I’ve posted about the Tobacco growing and harvesting that happens in my corner of Wallburg, NC each year. The first time I saw Tobacco growing was about 4 years go – the first year we lived here. The whole process is fascinating to me. And yes, I know there are lots of feelings from all over the globe about how “terrible” it is that North Carolina still grows something as vile as Tobacco --- but you have to understand how deep rooted this crop is here and how tied to history it is.
I don’t smoke. I can’t stand it --- but the history is as real as real can be.
“In North Carolina, tobacco growing developed a long and rich history that spanned almost three centuries. Sir Walter Raleigh was the first explorer to bring the leaf to Europe, and in later decades before the American Revolution, settlers in Carolina grew tobacco with moderate success along the Atlantic coastline. In the 1880’s, however, a new tobacco boom occurred in the state when Washington Duke introduced mass-production techniques in cigarette manufacturing. From then until 2001, tobacco growing and manufacturing were the largest source of income for North Carolina.”
It’s been a way of life for close to 300 years. It’s provided for families through good times and bad. And I love this photo of these women preparing the harvest for drying and curing! All over North Carolina you will find the remains of tobacco barns dotting the countryside. Some still in use, some fallen into decades of disrepair and crumbling into non-existence.
These are some pictures I took of the fields around my house.
Little by little these fields are giving way to other crops, as progress marches on and fewer and fewer farmers are making a living from growing tobacco.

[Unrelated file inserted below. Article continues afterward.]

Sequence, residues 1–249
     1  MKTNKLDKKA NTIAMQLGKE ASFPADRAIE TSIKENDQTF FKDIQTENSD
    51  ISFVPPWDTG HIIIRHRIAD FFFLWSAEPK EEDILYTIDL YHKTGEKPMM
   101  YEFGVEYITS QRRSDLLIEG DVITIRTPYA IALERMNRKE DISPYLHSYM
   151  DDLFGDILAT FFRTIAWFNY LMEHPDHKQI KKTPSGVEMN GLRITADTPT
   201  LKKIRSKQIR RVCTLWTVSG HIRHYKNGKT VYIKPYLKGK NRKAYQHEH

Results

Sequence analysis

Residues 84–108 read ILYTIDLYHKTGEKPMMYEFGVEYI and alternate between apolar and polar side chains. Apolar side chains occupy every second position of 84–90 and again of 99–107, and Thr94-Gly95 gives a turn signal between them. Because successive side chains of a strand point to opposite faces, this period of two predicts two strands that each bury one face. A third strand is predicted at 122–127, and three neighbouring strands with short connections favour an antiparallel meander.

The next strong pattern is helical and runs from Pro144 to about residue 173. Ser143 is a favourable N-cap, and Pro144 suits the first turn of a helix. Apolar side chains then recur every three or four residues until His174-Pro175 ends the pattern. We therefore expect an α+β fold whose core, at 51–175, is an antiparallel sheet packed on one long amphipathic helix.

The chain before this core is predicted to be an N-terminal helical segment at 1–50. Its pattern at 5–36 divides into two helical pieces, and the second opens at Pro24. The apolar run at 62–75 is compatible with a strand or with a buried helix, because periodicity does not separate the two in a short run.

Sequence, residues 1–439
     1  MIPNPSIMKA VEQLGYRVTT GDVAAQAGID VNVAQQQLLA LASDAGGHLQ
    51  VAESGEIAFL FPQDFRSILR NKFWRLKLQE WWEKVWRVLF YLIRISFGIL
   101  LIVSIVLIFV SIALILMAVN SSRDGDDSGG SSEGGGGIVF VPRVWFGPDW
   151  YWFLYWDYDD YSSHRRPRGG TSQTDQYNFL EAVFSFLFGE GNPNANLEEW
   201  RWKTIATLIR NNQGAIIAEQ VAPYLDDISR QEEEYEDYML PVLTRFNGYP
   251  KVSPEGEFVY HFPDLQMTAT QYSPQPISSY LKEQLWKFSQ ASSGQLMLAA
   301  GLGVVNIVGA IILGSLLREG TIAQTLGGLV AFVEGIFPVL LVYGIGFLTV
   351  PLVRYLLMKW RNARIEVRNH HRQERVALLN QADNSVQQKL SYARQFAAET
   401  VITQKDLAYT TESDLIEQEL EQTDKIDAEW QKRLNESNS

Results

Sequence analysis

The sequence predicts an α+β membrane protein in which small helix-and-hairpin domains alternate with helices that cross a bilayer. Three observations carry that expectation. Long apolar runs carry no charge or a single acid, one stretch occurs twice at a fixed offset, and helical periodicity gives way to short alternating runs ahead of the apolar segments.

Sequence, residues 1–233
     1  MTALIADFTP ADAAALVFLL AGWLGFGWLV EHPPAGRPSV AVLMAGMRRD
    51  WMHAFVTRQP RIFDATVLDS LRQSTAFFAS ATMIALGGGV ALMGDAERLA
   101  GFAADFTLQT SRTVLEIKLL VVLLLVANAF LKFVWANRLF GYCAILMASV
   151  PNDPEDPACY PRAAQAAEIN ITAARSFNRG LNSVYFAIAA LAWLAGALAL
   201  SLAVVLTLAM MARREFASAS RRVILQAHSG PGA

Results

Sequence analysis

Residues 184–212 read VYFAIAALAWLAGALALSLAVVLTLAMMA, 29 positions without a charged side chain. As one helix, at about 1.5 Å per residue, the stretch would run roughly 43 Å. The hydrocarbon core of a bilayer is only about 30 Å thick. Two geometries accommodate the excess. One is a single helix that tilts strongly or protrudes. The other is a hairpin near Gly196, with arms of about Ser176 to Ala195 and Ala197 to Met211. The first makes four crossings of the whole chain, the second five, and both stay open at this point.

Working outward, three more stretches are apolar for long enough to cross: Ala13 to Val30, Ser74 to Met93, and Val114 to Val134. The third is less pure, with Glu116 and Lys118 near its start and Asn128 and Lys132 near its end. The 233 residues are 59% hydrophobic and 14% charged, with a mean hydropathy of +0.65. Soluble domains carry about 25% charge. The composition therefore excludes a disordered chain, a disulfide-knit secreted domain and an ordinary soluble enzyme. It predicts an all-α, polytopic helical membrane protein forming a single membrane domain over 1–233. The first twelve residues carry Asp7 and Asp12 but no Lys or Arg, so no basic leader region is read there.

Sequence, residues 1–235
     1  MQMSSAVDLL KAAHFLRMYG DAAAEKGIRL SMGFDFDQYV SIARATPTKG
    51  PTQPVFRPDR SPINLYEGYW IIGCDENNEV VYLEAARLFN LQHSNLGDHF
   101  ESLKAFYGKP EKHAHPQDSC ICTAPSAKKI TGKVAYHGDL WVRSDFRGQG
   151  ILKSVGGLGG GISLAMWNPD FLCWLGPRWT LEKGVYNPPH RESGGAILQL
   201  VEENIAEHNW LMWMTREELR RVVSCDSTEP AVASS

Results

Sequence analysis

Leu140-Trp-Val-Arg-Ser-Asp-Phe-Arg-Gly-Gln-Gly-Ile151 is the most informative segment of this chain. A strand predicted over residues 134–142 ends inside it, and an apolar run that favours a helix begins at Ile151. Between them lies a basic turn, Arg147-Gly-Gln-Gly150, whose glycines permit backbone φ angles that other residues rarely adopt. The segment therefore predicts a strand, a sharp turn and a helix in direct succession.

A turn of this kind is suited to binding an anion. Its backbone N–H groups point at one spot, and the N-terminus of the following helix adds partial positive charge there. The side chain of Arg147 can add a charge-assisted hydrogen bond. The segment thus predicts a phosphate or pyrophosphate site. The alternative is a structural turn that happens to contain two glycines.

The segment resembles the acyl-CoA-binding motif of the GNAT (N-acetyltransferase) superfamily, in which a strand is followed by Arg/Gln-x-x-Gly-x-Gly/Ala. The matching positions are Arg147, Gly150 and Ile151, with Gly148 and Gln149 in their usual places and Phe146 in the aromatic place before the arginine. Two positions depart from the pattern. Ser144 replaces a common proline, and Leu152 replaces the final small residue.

The green leaves are turning yellow as harvest time approaches. The North Carolina heat and humidity and yearly average rainfall provide for these crops, and they’ve thrived here for generations.
The planting, grooming, and leaf removal are all done plant by plant, by workers and knives, the way it has been done for as far back as tobacco has been grown here. I love the view of the house far in the back corner of the photo. Their view? Green tobacco, as far as the eye can see.
The plants stand about waist high at this point…..my favorite part of the harvest is the “tobacco wagons” that connect to each other much like train cars --- two or three wagons being pulled behind pick up trucks laden with leaves ready for curing and drying. I know summer is almost over when I hear the rumble and jumble of the tobacco wagons being pulled down the road past my house to the drying facility beyond.
Another summer drawing to a close!
It’s been a good one, hasn’t it?